Egypt's regional museums have sometimes not fulfilled their true potential because they have often displayed objects without a thematic storyline, she pointed out, resulting in less than a fair share of visitors.
“Every regional museum should reflect the city or town in which it is located,” Salah said, explaining that in the Sohag Museum, for example, the exhibition design provided clear information about the history of Sohag, Abydos and Akhmim, as well as the role played by local rulers in building Egyptian civilisation.
Sohag was the town where the kings of the early dynasties lived, and this explained the selection of kingship as the first topic in the new museum. The focal object here is a colossus of the Pharaoh Ramses II because he was one of the most influential rulers in Egyptian history and had a temple in Abydos.
A collection of stelae and engravings of his father Seti I are also on show because the latter had a beautiful temple in Abydos. There are also the heads of other kings and statues of top officials and nobles who played an influential role in the kingdom, including statues of New Kingdom priests and viziers.
Weapons and ivory labels discovered in the First and Second Dynasty royal necropolis in Abydos are also exhibited, the labels bearing the names of kings.
The second hall in the museum presents the family, especially the family in Upper Egypt, and the focal object is a statue of an Ancient Egyptian couple symbolising family bonding. “Members of the family in Upper Egypt were very close to each other and might have lived in one house,” Salah said, adding that this section also highlighted the important role that women have played as the core of the family. Children are also represented through toys and clothes.
Marriage traditions are on display through a collection of clothes, cosmetics and marriage contracts. The most distinguished is one written on textile from the Ottoman period.
The third section of the museum is devoted to cooking and cuisine in an attempt to show the different recipes of the Ancient Egyptians and how they have developed. It also shows food vessels and cooking instruments, as well as the design of kitchen furniture and dining and offering tables.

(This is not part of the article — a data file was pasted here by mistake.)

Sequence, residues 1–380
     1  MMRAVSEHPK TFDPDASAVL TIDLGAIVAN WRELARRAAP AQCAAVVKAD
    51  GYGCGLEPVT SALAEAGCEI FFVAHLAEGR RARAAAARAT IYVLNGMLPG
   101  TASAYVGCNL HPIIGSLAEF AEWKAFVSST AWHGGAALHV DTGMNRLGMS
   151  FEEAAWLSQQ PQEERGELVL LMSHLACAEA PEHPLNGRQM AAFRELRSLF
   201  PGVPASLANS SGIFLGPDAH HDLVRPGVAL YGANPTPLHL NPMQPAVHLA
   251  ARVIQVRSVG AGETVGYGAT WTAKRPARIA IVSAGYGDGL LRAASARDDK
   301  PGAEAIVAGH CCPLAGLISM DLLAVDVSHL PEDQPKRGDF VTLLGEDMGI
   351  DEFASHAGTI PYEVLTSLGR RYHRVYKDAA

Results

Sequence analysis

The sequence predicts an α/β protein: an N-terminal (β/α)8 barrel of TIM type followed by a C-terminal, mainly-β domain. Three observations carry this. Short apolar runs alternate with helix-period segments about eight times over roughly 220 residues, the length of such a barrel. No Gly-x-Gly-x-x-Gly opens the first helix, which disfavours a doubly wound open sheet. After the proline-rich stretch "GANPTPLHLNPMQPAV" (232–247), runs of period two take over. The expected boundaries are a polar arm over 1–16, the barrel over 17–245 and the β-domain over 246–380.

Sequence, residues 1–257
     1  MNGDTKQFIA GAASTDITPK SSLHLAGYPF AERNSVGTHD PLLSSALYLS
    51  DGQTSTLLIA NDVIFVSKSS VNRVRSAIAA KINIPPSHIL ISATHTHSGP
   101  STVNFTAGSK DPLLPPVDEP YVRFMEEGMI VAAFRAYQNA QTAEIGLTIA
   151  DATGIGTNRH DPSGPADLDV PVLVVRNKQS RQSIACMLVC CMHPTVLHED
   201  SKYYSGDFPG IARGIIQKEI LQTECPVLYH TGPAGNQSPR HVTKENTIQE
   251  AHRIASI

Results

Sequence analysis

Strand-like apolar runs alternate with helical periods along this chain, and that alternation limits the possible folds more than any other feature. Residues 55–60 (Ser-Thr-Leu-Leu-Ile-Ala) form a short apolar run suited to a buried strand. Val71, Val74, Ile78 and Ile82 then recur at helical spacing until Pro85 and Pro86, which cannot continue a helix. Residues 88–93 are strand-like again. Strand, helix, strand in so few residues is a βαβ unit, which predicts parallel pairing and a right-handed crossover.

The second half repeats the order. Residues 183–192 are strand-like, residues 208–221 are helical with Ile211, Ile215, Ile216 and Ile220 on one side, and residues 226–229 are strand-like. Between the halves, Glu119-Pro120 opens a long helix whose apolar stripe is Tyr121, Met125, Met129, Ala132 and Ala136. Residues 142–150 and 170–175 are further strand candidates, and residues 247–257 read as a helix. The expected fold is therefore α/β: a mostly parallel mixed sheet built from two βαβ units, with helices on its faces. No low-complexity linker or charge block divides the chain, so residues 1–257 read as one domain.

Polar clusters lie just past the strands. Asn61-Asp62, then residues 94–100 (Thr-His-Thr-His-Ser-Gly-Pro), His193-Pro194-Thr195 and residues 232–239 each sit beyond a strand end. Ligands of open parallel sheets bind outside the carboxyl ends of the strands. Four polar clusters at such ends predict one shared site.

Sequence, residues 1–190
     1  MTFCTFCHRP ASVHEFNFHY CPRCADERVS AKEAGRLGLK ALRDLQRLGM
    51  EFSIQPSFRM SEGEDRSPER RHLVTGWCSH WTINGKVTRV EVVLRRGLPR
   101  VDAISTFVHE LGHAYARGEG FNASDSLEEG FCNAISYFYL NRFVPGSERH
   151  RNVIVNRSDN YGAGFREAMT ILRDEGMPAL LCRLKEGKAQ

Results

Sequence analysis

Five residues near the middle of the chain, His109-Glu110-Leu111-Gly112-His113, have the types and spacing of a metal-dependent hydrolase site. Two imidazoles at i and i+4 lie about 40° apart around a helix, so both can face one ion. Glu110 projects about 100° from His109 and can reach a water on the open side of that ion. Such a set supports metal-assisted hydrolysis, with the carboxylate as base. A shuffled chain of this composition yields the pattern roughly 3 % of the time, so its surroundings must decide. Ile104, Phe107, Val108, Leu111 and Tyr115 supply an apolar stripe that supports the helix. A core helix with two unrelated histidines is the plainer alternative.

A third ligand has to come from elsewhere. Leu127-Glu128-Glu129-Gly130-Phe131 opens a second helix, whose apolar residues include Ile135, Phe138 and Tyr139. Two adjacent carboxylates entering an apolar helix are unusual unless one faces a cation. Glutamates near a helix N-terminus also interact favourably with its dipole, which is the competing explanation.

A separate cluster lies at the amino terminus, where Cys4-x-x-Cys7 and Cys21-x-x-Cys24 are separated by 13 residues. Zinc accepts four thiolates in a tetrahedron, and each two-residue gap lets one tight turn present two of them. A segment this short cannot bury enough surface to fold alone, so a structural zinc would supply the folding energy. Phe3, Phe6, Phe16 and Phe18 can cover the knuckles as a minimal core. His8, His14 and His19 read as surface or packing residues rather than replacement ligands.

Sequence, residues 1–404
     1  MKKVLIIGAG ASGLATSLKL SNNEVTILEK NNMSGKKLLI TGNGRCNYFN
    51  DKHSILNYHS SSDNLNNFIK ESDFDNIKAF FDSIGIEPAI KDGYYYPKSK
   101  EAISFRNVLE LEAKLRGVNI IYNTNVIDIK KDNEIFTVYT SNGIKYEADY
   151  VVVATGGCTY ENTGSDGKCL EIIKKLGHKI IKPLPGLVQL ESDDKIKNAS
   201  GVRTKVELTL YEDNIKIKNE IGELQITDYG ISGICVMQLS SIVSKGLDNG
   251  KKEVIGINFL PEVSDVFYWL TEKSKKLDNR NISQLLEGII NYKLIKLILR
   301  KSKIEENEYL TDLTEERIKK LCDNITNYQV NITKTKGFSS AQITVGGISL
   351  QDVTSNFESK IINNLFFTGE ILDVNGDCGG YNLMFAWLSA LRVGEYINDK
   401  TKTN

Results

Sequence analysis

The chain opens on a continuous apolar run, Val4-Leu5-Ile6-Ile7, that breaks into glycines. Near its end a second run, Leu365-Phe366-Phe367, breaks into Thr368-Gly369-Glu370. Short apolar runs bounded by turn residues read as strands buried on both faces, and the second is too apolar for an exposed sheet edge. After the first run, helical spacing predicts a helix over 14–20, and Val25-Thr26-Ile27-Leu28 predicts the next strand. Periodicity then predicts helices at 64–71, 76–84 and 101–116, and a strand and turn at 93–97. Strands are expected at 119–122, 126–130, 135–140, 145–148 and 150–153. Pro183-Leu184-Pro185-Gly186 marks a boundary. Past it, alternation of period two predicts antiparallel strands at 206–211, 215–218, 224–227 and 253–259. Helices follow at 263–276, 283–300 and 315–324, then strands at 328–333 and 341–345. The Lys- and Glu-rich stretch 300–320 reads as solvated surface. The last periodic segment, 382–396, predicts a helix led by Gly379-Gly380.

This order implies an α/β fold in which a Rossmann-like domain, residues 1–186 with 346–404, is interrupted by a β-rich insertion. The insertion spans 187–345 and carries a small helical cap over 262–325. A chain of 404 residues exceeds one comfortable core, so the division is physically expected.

Employment and industry are displayed through a collection of statues and instruments depicting jobs such as those of scribes, fishermen, craftsmen, musicians, singers, dancers, bearers and sommeliers. These are shown through a collection of music instruments and engravings.
Sohag is well-known for its distinguished textiles and its industry, Salah said, and the new museum has allocated a hall to the city's textiles. The focal object is a linen wrapping on which the name of the Sixth-Dynasty Pharaoh Pepi I is written. The hall exhibits textiles from different periods, including Ancient Egyptian, Roman, Coptic and Islamic. Sohag folkloric traditions are also shown through a collection of women's and men's clothing.
The focal point of the faith and religion section is an Ottoman copy of the Quran selected from the Museum of Islamic Art in Cairo, along with a collection of crosses, religious manuscripts, containers for burning incense and Ancient Egyptian religious reliefs. Magic is represented in this section through Ancient Egyptian reliefs and magical dolls from the Pharaonic, Coptic and Islamic eras.
The basement is allocated to the theme of pilgrimage, and an Ancient Egyptian pilgrim boat is the focal artefact. The Ancient Egyptians used to go to Abydos on pilgrimage where a temple to the god Osiris built by Seti 1 is located. Statues of several deities are displayed as well as wooden coffins and mummy masks.
To create a more attractive and informative experience for visitors, labels and graphics explaining the displays are featured in the different halls of the museum.
The museum is also friendly to the disabled, and the visitor route is provided with ramps to facilitate circulation. The disabled can also access the museum's different levels by lift.
An educational programme for students and school pupils will be available on opening, and the museum will help facilitate school history classes and university lectures as needed. “History teachers in schools can deliver their classes in the museum to make them more attractive to pupils,” Salah said, adding that the new museum also has a library and lecture hall. Workshops on handicrafts will also be held.